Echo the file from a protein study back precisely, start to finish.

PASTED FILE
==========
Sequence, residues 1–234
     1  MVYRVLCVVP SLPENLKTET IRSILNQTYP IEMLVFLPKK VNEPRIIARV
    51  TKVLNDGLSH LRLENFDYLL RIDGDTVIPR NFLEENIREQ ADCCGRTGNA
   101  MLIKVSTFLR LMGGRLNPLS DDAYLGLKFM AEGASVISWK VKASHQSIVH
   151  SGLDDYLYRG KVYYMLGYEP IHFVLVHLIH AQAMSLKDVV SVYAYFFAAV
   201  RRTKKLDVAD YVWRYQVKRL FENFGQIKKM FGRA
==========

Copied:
Sequence, residues 1–234
     1  MVYRVLCVVP SLPENLKTET IRSILNQTYP IEMLVFLPKK VNEPRIIARV
    51  TKVLNDGLSH LRLENFDYLL RIDGDTVIPR NFLEENIREQ ADCCGRTGNA
   101  MLIKVSTFLR LMGGRLNPLS DDAYLGLKFM AEGASVISWK VKASHQSIVH
   151  SGLDDYLYRG KVYYMLGYEP IHFVLVHLIH AQAMSLKDVV SVYAYFFAAV
   201  RRTKKLDVAD YVWRYQVKRL FENFGQIKKM FGRA